Ask Peter: For my Valentine
I have a new girlfriend (I am in my fifties and find it strange saying that) who is a great cook. I am not much of a cook (I do a couple of fairly basic things) but would like to surprise her with a Valentine’s Day meal that I have made myself. Could you recommend a couple of dishes that would impress a very talented cook and lover of Bite magazine?Paul
I’m also in my fifties and have a boyfriend a few years younger than me, also a really good cook, so I think we’re ok using those words between us (and all of the Bite readers . . . ) Valentine’s Day is always an interesting service in restaurants as the tables are taken up with, basically, two types of diners — those in the heady flush of a new love where the food is the least of their concerns as they look into each other’s eyes ignoring the waiters, champagne, flowers and anything else, and in reality just want to get home as quickly as possible. And those who don’t seem to have too much to talk about and therefore the food is key — and we have to get it right or we know they won’t be celebrating the following year.
Over the years it’s been interesting trying to figure out what the customer wants in order to have a peaceful romantic evening, and some of the ingredients we’ve come to realise aren’t a good idea for various digestive and other reasons are: jerusalem artichokes, beans and pulses, excessive garlic, offal (unless you’re dating a butcher or Fergus Henderson), raw onions, squid ink, pickled herring (unless you’re dating a Viking) or brussels sprouts. As it’s summer in New Zealand, many of these ingredients aren’t available to you right now or of concern — but bear them in mind when you’re celebrating your next Valentine’s in the Northern Hemisphere, which is where I will be on the 14th.
I’m not sure just how well you can cook and so don’t want to appear a taskmaster but how about something like this:
- Keep the first course simple, and cold, so you can prep a little in advance. Lay thinly sliced smoked salmon (or raw salmon) on a plate. Dollop on a few teaspoons of creme fraiche mixed with a little finely grated lime zest, and sprinkle with a chunky salsa of avocado, ginger, chilli sauce, cherry tomato quarters, lime juice and olive oil.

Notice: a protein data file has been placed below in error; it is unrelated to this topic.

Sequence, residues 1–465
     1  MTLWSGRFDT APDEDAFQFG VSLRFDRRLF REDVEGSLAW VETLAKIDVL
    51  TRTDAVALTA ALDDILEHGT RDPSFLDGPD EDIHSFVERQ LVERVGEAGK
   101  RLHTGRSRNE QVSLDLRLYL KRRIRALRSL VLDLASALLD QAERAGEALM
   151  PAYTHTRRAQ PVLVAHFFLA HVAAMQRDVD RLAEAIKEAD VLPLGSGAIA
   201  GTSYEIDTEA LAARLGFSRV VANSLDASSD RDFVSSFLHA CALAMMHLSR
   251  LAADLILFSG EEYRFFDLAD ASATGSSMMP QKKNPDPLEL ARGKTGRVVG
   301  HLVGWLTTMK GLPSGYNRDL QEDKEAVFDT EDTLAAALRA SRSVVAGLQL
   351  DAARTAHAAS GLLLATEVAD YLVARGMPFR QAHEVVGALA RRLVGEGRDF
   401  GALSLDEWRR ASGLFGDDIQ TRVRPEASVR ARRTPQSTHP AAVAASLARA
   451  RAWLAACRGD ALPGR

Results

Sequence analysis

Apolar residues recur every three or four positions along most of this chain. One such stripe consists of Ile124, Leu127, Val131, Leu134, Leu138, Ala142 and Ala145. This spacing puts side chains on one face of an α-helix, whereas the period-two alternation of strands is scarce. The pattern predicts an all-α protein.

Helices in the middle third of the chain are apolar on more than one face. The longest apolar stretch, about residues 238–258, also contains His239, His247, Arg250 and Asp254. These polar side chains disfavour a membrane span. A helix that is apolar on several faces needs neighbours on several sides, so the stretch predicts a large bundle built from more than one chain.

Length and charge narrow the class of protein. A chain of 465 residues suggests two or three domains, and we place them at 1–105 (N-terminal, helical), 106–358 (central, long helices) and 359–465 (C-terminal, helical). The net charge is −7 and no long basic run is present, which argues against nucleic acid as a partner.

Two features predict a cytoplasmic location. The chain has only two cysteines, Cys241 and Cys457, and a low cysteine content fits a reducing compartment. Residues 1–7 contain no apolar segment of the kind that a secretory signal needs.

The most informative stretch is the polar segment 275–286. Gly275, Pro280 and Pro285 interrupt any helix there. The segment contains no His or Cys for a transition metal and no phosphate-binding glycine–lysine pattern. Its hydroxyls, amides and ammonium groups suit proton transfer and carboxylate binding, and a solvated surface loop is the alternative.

- Main course of roast organic or corn-fed chicken breast served with butter-sauteed spinach and peas, golden kumara mashed with a little miso paste and mustard, and a lovely bright green pesto. The benefit of a simple main like this is that it should be fairly stress-free for you, and you can always buy a good pesto from the shops.
- For dessert, keep it simple again, and serve a small pavlova (this one is my mother’s recipe and it truly is foolproof) or mini meringues, or even some bought high-end macaroons, served with cream, lightly whipped with manuka honey and plain yoghurt, and a chunky fruit salad of passionfruit, mango and raspberries and/or strawberries.
- Chocolates need to be served of course, they’re the perfect expectation. It is fairly easy to make a delicious chocolate truffle (see our truffle collection), so find the time a few days before to make a dozen. Serve them at room temperature, not straight out of the fridge (as they’ll be too hard), and I think you’ll be much loved. Your girlfriend will not enjoy her evening if you’re stressed — hardly an endearing trait — so you’re best to do simple, well. I wish you all the best for the 14th —do let us know how it goes.
In our Ask Peter series, executive chef Peter Gordon answers your curly culinary questions. If you're stumped over something food-related, send your question to firstname.lastname@example.org and keep checking in for answers. You can read more on Peter on his website, have a read of his Ask Peter articles or check out his recipes here.